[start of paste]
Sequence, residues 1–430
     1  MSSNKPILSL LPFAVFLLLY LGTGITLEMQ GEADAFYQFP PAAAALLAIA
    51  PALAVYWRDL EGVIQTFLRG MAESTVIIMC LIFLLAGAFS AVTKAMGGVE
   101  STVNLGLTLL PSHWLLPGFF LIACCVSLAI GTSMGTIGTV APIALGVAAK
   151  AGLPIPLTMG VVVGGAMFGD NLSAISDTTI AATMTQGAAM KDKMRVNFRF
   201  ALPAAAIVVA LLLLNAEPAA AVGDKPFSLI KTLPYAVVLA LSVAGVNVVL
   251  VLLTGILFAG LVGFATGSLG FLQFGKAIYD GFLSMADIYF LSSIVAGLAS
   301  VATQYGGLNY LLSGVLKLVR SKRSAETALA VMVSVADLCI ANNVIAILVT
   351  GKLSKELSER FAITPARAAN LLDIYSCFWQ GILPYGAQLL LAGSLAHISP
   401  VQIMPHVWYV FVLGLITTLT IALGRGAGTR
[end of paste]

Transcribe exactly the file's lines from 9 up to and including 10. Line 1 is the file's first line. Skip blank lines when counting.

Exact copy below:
   351  GKLSKELSER FAITPARAAN LLDIYSCFWQ GILPYGAQLL LAGSLAHISP
   401  VQIMPHVWYV FVLGLITTLT IALGRGAGTR